Friday, 17 July 2015

How to save your writing sanity.

I was on a panel of SilverWood authors at the Penzance Literary Festival last week, answering questions on being an Indie Author. As part of the festival's Publishing Day, the event had been billed as a way to "pick up tips and avoid the pitfalls" in self-publishing.

The hour flew by and questions came thick and fast, leading from one subject to another until the audience must have reeled from so much information spinning around the room.  I can hardly remember now what questions were asked so I hope there was lots of note-taking!

This week, back at my desk and hard at it with writing the next novel, I thought of a great tip I could have passed on, relevant to all writers, whether indie or otherwise, and that's the keeping of a writing journal.

Now if that sounds like a lot of unnecessary writing when all you want to do is get on with the "real stuff", then stay with me for a moment, while I make the case for it being the way to save your sanity.

I first came across the idea of a writing journal when I read best selling author Elizabeth George's excellent how-to book Write Away not longer after I'd started writing. At the beginning of each novel, she starts a new journal in which she records her thoughts and feelings about the writing process. This is isn't a notebook of her ideas, plot, character etc., although that comes into it, but it's primarily about what's buzzing around in her head while she's actually in the throes of writing her latest work.

In Write Away, she quotes from her journals at the beginning of each chapter and for a novice writer, her words were of great comfort. She says things like: "What on earth am I doing pretending to be a writer?" and "Writing continues to be a scary proposition for me, as I don't see myself as particularly talented..."  To me, realising that even best selling authors have moments of doubt, gave me hope.

But she also shares the thrills as well as the angst: "Yesterday a most extraordinary thing happened... all of a sudden in the middle of a scene I had the most amazing moment of inspiration." Don't we just love it when that happens!

When I started to write The Indelible Stain, I decided I would also keep a journal. It wouldn't be something I'd slavishly write every day (I already write a daily diary, a sort of "ship's log", and have done for some 24 years) but if anything about writing was either bugging me or I had something to celebrate, I would write it down. Being able to have a good rant on the page can clear the air in my head and recording my buoyant mood after receiving a good review or a message from an enthusiastic reader helps puts things into perspective if I've had a tough writing spell, or I've felt overwhelmed by how much social media I have or haven't done that week!

As I grapple with my current novel and look back in awe at the research, the plotting and the note-making I did for The Indelible Stain and begin to doubt my ability to write another good book, I only have to dig out my writing journal and look back to the time I was in the middle of writing The Indelible Stain to remind me not to fret, that I experienced exactly the same wobbles last time around.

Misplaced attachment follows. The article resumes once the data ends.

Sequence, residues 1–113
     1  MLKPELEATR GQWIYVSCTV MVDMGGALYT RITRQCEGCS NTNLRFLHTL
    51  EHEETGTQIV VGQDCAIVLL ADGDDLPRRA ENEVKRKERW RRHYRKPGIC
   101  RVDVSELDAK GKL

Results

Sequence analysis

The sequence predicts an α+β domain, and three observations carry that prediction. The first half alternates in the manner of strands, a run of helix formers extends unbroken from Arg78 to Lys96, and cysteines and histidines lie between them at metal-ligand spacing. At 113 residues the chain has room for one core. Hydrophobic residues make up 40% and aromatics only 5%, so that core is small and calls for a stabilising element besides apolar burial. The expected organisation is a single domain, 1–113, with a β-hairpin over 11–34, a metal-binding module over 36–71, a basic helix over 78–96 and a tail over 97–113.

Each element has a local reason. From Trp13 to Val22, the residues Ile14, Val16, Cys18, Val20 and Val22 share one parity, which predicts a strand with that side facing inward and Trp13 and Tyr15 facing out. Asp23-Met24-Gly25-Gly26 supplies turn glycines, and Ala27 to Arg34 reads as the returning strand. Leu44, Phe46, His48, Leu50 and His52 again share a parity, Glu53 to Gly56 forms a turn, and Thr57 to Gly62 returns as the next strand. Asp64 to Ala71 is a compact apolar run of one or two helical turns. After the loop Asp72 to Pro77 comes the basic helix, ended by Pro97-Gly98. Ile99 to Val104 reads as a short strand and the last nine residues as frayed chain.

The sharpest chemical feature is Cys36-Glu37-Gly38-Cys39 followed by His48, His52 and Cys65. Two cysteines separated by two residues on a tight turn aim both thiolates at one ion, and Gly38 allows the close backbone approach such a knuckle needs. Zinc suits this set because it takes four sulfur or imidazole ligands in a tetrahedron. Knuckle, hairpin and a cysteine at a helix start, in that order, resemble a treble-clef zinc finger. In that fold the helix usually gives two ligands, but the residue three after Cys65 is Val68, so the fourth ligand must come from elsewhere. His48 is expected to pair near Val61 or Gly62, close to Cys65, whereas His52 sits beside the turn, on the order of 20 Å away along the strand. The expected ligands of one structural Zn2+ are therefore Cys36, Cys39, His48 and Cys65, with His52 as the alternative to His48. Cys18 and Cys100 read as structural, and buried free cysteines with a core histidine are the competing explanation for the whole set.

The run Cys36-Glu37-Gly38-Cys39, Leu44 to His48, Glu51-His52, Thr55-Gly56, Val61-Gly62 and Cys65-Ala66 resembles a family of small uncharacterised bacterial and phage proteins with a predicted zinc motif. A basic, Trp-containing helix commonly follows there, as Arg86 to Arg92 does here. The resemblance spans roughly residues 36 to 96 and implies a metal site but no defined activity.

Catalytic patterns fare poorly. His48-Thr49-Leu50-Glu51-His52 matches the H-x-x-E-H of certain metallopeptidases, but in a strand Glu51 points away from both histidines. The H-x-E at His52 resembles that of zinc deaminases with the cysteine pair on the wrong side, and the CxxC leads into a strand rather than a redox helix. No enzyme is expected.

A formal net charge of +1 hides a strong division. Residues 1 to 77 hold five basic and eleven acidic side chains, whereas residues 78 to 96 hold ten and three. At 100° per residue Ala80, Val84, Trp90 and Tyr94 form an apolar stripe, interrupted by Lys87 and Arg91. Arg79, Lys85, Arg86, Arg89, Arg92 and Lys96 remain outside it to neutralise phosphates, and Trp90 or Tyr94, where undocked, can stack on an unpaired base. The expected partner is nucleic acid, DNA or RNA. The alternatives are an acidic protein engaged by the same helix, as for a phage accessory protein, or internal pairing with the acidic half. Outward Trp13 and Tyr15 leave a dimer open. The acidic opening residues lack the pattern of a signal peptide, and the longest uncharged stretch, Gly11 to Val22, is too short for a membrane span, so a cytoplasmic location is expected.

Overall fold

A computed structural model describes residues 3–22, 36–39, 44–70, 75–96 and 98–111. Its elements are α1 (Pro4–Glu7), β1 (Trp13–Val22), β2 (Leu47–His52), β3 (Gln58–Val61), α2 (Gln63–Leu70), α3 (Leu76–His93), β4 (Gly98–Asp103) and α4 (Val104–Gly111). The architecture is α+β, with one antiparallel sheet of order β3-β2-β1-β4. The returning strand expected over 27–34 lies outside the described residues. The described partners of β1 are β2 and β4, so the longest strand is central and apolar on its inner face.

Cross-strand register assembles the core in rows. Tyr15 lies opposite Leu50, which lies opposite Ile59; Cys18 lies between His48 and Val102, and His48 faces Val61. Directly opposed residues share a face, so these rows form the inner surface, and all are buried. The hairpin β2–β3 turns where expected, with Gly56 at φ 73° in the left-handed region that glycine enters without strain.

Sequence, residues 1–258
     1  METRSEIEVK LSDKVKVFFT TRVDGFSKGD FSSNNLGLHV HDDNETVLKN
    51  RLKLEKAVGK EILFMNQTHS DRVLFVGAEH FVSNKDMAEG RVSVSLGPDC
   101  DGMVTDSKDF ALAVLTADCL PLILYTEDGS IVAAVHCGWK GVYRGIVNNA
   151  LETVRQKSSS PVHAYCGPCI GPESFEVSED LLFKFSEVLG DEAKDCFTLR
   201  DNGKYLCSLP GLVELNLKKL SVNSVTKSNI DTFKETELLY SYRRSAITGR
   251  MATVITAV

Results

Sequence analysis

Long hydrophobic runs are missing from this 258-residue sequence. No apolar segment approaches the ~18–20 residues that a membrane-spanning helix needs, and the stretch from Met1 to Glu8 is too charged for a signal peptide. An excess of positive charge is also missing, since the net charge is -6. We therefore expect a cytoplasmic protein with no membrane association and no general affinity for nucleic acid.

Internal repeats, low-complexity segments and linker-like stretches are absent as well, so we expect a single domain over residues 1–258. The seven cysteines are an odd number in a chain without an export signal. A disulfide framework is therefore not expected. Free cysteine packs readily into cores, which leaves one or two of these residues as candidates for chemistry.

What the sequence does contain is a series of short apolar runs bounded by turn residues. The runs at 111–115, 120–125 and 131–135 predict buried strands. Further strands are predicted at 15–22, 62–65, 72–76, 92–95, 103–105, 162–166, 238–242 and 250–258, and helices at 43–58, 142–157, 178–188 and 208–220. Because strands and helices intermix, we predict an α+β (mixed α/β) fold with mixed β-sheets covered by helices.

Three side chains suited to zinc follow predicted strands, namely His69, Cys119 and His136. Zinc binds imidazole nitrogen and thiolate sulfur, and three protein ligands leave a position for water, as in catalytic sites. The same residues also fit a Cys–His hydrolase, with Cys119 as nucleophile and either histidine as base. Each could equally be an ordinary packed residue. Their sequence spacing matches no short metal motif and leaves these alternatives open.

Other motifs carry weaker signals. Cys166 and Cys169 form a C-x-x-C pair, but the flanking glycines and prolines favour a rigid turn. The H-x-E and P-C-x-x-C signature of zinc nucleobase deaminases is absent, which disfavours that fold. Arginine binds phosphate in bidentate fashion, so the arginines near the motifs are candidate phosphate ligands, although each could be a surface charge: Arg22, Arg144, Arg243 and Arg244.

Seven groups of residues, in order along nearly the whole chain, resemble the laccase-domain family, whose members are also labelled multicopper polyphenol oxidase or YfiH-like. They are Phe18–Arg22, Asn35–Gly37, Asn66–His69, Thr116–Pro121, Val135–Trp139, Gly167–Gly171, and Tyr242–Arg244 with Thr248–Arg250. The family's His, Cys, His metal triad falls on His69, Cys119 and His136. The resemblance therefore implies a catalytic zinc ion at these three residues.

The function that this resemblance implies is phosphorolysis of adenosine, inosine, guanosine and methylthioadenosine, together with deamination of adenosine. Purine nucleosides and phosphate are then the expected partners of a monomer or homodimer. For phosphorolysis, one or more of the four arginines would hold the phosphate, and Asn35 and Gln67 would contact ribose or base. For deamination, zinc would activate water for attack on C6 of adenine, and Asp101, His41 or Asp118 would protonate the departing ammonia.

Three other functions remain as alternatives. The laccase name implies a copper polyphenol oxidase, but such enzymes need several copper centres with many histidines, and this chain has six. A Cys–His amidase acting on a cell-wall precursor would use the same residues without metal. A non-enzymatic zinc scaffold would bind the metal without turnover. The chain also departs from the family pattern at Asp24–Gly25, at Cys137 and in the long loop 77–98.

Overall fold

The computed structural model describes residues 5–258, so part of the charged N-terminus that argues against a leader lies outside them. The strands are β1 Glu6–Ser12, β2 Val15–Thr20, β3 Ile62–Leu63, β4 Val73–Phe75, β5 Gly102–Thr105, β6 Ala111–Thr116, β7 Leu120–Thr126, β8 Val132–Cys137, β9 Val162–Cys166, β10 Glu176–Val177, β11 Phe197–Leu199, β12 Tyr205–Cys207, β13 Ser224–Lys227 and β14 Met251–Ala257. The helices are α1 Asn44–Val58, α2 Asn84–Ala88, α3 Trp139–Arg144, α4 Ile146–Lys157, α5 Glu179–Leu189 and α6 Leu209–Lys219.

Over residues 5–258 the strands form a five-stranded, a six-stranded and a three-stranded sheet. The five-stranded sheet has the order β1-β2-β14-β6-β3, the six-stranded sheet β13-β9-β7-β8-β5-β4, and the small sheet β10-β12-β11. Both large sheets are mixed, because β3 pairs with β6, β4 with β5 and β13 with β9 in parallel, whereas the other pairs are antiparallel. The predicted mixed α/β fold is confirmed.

So, having reassured myself that, yes, I can do this all over again, I'd better get back to writing that novel before my confidence ebbs...

Do you have any clever tips to keep you from throwing in the towel in despair? I'm sure there are many writers out there who'd love to know what they are! 


  1. I'm sure this is a very good idea but sadly at the moment I think I would find it just another thing to do. However I received some very good advice when I was struggling over the last winter. I was finding it difficult getting the section I was working on to progress in any satisfactory manner. I was told to leave it and go and write 200 words on a part I was looking forward to getting to, where I could get back to the words flowing out of me until I was feeling the passion for the story growing again. Needless to say I wrote far more than the 200 when I got down to that but it was refreshing and I when I came back to the previous sticky bit again my enthusiasm was back to where it should be and what I had been having a problem with was no longer an issue. I shall definitely remember this tip for the future :-)

    1. That's a great tip, Georgia! As you may know from one of my previous blog posts, I've started using Scrivener and that really lends itself to being able to abandon a tough section until later and get stuck into a different bit to get the old juices flowing again. I shall remember your advice! Thanks for sharing.

  2. It’s not particularly clever, but one thing that has helped me become more productive is an ideas file. I was always abandoning stories halfway through because I suddenly had an exciting, new idea that seemed much better than the first story. The result was a stack of beginnings but very few endings. Now, when the muse strikes, I jot down the new idea in just a sentence or two so I won’t forget it, but then I put it away in a cardboard folder. I tell myself I’m not allowed to even look at it again until I’ve finished whatever else I’m working on. It gives me the incentive I need not to give up on a story I might be struggling with and, by not rushing to use all those brilliant ideas as soon as they occur to me, I’m better able to judge which ones are worth exploring more fully.

    1. A good plan, Linda! I've done something similar in notebooks and it's always inspiring to come across them ages later and get enthused all over again! But I do agree with you. Sometimes it's the hardest thing in the world to think "so what happens next?" At least by filing the 'interruptions' you can happily leave them alone knowing they're not lost for ever. Thanks for adding your tip!